Good job! Is praising your child a good idea?
- Are we using it to get children to comply with us, adult's wishes? If yes, are we not taking advantage of their wish for and dependence on adult approval?
- Are we stopping them from being self reliant and making their own judgments? They remain hungry for praise and seek approval whole of their lives .
- Are we teaching them to value only the end product rather than the process of a task? Are we not, taking away their delight in their efforts and accomplishments by providing judgmental praise like Good Job!
- Are we not stopping the child from venturing into the untried or from taking risks due to the fear of not getting positive feedback? So, the focus has shifted to motivation for getting more praise rather than to motivation for moving ahead, venturing into further realms.
Coming back to the good in praise, we come to the how of it ? Well, just like human behaviour and reactions cannot be generalized, we cannot lay down set rules as to what will work and what won't push the child in the right direction in case of praise.However, from personal experience,I can, with all my heart say that what works best as always, is HONESTY and a little bit of TACT.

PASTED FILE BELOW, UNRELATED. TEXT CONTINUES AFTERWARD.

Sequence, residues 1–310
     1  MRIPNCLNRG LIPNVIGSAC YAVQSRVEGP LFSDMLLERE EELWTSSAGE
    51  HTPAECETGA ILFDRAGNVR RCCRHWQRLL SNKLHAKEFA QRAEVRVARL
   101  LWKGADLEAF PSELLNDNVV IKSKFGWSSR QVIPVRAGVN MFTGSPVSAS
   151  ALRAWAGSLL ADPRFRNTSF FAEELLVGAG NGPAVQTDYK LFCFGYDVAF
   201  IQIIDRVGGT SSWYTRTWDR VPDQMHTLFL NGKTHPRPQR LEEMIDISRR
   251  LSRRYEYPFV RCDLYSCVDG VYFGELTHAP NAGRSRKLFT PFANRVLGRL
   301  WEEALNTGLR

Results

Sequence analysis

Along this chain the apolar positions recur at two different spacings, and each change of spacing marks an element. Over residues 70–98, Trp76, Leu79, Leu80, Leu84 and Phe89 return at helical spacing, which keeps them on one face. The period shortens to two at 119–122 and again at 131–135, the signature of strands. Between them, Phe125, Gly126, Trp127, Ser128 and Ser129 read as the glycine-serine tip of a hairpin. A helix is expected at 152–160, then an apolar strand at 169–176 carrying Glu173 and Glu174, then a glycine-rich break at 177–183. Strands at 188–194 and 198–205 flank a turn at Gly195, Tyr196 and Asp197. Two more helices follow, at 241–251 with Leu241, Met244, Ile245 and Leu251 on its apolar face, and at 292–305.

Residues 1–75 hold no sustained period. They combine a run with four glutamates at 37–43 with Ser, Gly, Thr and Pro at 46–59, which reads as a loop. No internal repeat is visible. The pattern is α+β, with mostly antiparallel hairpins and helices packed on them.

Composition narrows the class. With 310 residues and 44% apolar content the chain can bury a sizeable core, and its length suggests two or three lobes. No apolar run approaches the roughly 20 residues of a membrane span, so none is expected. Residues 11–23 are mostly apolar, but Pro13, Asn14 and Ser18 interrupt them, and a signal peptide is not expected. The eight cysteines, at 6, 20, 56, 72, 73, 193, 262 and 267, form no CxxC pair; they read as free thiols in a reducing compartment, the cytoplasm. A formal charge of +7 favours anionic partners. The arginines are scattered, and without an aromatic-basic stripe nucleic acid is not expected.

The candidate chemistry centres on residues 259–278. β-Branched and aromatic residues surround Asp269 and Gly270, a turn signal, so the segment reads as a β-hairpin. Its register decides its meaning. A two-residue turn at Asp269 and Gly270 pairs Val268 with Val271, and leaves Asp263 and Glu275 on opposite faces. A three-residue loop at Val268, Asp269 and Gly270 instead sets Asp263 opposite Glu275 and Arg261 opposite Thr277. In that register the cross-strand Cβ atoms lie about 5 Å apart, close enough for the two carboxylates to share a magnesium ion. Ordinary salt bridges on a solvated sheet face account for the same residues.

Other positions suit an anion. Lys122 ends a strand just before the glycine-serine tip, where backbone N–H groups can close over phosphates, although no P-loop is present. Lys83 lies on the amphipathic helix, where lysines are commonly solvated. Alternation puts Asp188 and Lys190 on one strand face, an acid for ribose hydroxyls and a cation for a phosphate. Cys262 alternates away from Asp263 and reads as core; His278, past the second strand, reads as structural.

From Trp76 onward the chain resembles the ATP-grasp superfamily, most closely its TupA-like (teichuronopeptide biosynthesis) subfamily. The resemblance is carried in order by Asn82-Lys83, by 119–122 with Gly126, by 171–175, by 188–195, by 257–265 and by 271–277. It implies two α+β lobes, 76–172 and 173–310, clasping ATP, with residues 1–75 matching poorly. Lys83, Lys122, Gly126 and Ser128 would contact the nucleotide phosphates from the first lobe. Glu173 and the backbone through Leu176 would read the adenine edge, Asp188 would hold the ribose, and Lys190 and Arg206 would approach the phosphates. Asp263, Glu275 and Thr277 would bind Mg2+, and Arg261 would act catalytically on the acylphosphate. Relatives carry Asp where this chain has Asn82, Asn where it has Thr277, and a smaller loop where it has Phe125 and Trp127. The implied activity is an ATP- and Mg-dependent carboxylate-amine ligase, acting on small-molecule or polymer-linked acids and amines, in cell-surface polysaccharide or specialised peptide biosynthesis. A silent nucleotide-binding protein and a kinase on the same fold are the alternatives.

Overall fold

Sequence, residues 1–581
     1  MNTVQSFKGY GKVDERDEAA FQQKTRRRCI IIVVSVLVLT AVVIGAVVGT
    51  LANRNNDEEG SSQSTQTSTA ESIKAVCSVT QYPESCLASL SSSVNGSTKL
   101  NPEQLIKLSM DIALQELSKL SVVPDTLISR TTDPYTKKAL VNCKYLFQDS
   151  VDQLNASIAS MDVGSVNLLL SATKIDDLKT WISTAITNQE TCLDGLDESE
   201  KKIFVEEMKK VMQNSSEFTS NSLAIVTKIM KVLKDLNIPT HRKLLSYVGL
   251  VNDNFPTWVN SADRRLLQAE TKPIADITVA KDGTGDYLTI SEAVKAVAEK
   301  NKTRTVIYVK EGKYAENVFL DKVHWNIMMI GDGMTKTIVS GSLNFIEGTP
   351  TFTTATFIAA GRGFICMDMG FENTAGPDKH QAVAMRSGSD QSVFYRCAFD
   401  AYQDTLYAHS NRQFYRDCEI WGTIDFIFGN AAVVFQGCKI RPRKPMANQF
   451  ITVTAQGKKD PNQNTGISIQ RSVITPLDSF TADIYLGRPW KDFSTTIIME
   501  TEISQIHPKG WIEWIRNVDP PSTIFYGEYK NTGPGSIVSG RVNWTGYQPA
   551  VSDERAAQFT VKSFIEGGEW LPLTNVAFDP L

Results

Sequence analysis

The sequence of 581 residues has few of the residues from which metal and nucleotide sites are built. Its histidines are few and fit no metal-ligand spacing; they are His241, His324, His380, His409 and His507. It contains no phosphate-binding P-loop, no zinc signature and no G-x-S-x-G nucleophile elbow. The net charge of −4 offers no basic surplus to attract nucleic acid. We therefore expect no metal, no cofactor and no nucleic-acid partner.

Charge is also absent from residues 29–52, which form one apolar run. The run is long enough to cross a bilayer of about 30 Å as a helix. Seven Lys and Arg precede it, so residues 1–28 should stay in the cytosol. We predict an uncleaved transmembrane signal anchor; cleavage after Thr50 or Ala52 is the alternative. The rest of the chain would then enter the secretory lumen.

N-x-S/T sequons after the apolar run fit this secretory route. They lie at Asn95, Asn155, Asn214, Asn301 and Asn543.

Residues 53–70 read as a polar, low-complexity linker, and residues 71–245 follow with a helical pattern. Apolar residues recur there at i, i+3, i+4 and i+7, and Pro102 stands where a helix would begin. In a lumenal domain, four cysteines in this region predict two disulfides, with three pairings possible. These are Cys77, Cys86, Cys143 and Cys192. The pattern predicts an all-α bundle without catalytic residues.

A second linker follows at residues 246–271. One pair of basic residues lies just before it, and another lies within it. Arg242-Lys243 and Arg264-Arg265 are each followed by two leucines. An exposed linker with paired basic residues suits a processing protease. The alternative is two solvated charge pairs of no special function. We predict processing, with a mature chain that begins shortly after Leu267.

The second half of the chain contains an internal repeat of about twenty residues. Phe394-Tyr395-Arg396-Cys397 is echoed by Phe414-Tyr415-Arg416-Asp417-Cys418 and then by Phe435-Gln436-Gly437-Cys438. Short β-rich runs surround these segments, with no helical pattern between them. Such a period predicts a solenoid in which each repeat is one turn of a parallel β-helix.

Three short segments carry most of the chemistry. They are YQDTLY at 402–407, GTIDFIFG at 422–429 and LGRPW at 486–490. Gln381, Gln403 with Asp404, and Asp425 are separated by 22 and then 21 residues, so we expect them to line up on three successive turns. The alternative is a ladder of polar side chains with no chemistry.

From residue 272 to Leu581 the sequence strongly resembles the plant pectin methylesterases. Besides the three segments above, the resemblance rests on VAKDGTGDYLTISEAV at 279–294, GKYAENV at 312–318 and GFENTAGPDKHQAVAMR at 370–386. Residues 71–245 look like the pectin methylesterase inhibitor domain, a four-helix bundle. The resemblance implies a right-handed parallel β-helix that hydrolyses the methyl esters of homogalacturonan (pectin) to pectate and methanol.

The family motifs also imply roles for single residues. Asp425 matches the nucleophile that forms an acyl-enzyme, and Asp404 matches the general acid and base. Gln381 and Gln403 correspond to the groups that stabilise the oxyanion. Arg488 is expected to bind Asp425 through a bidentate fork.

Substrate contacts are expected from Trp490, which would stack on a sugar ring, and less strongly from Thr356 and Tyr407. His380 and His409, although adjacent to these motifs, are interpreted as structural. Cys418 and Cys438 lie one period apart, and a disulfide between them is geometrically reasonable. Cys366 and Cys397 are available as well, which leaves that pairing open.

Some guidelines which can be kept in mind while praising children:
- Give appropriate praise. Instead of simply saying, "You're great," try to be specific about what your child did to deserve the positive feedback. You might say, "Waiting until I was off the phone to ask for chocolates was difficult, and I really liked your patience."
- Process praise – An example of process praise is "you tried really hard"
- Cheer the good stuff. When you notice your child doing something helpful or nice, let him know how you feel. It's a great way to reinforce good behavior so he's more likely to keep doing it.
- Gossip about your kids. Make praise more effective by letting your child "catch" you whispering a compliment about him to Grandma or Dad.
- Avoid praise for low-challenge activities or error-free success – as this tells a child that he is only praiseworthy when he completes tasks quickly, easily and perfectly, and does not help a child embrace challenge.
- Be careful when praising after failure or mistakes – Praise such as "Well done. You did your best" can convey pity. Telling a child to "Try harder" does not give the child any information about how to improve his or her effort . It may be best to provide process praise and identify what the child did accomplish in this case. For example, "You missed the goal, but it was very, very close!"
All said and done we too, cannot be rote learners of the above .Just honest feedback to your child with some of the above in mind will sure work wonders.
So happy praising till the next post!